Antarctic Krill: A Tiny Organism With an Enormous Job

Accustomed to living in subzero temperatures, this crustacean makes up part of the diet of many cetaceans. Antarctic krill are pale red in color and very tiny. What's more, they have the ability to glow when light shines on them (bioluminiscence).
Antarctic Krill: A Tiny Organism With an Enormous Job

Last update: 18 June, 2020

The continent of Antarctica is characterized by being the coldest territory on the entire planet. In the southern hemisphere, temperatures have gotten as low as -128° F and ice covers 98% of its surface. In such a remote region of the world, surrounded by a great deal of water and very few inhabitants, the animal ecosystem is just one of the particularities of Antarctica… especially because of Antarctic krill.

Given that this is the coldest region of the planet, animals are scarce. Only animals that are able to withstand the frigid glacial temperatures live there. With very little exposed land and so much ice, the biodiversity includes only maritime organisms.

That’s why penguins, whales, orcas, squids, seals, walruses are so abundant on this continent. And the species that we see the most here is the Antarctic krill.

Characteristics of the Antarctic krill

The Antarctic krill is a crustacean that belongs to the Euphausiidae family and the Euphausia genus. This animal organism is specific to the waters of Antarctica and is the most abundant species in the region. Based on estimates, between 100 and 420 million tons of these creatures exist (measured in biomass rather than units).

Colloquially, Antarctic krill are also known as Antarctic shrimp. This is because of the great similarity between their physical appearance and that of shrimp. Therefore, it’s very easy to mistake them for shrimp.

This crustacean is pale red in color and is very small. It can measure just 2,4 inches long and weighs an average of 0.071 ounces.

Krill swimming in the ocean.

Perhaps the most distinctive and interesting characteristic of this species are their bioluminescent organsThese organs, which emit light, are located throughout the animal’s body and produce blue fluorescent light. Thanks to this characteristic, the animal has earned the nickname “light-shrimp”.

A semi-hard shell–or exoskeleton–covers the upper part of the krill’s body. From its thorax extend six pairs of appendages all the way down to its tail. And the head of the krill includes two antenna and compound eyes.

The life cycle and reproduction of Antarctic krill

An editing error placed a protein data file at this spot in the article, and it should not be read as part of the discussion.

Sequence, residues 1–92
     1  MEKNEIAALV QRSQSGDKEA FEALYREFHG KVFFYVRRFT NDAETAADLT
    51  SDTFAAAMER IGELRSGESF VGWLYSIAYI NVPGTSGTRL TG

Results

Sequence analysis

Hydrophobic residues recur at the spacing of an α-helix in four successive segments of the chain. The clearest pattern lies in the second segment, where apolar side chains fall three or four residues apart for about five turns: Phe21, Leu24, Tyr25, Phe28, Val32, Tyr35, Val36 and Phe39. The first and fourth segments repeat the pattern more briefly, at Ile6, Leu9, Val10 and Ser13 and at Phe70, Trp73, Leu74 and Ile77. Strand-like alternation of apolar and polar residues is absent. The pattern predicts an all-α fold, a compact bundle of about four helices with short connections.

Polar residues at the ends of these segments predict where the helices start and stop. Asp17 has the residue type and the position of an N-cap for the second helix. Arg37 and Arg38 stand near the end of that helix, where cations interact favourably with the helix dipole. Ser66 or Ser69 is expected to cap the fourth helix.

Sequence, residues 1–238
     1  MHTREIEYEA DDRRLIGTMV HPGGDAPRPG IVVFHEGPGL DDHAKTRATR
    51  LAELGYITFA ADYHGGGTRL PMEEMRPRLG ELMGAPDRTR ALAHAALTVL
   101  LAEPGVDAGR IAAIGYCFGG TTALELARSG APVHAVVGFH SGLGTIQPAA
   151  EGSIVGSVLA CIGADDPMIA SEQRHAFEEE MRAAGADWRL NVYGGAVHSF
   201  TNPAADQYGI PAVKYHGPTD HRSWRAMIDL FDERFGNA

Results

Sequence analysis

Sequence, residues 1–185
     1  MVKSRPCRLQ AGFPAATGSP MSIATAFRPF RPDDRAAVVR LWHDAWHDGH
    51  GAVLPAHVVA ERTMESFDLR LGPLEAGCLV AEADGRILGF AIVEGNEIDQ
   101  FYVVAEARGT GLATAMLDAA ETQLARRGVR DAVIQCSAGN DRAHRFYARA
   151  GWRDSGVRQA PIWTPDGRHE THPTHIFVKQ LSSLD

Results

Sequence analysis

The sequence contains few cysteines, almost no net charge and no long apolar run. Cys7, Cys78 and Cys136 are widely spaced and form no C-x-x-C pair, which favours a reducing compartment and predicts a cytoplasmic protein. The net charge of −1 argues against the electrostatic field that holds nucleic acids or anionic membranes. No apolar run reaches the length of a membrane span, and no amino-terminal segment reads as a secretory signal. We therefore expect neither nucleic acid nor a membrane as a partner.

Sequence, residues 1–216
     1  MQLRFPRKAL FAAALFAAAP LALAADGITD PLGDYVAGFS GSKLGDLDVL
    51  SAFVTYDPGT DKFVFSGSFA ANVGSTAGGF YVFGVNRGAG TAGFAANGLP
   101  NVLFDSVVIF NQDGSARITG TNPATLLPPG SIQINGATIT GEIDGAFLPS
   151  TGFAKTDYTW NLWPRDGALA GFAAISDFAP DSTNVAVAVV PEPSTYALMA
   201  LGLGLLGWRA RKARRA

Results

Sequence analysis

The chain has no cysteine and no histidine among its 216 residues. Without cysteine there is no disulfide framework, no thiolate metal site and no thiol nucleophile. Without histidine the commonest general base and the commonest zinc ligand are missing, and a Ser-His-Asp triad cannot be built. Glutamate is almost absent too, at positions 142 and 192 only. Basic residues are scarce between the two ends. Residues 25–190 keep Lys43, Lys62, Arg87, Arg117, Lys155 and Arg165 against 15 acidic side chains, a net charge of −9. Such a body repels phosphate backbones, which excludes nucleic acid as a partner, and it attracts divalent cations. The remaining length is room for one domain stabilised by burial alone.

Krill can live between six and seven years. After two years of life, these crustaceans will have overcome the stages of change in their bodies. In other words, they have reached adulthood and sexual maturity.

Reproduction among this species takes place through mating. Males have a reproductive member and use their front foot to hold onto females. When mating, the two animals come together and the male attaches its sperm to the female genital region.

It’s worth mentioning that the reproduction period for krill takes place between January and March. Once they’re finished mating, females lay their eggs near the surface of the water. After a few days, the eggs fall to a depth of some 9800 feet (1.86 miles) below the surface. And this is where the fertilization process comes to an end.

Some 10 days after the laying of the eggs, the larvae hatch. In this state, the animals still don’t eat. In fact, it’s not until three weeks later when they turn into small krill. It’s interesting to note that females among this species are capable of laying between 1000 and 10,000 eggs at a time.

Animals hunt Antarctic krill and men hunt them

Krill only feed on phytoplankton, which is a marine species. However, other animals, the few people that inhabit this region, and continental fishermen see this crustacean as an ideal food source.

A shark eating krill.

It turns out that Antarctic krill possess incredible characteristics and nutritional benefitsThey offer a high protein content, making them very desirable prey. And not only for animals in the southern hemisphere, but also for fishermen and the few humans that inhabit the region.

Antarctic krill possess a large number of minerals, such as phosphorous, zinc, sodium, potassium, and calcium, among others. What’s more, thanks to the fibers in their body, they produce a very beneficial antioxidant action when digested.

The animals that hunt krill include penguins, sea lions, seals, walruses, fish, squid, and others. Currently, it’s also a crustacean that’s consumed massively in Asia. Little by little and thanks to the knowledge of its benefits and culinary uses, Antarctic krill are being exported to numerous countries around the world.

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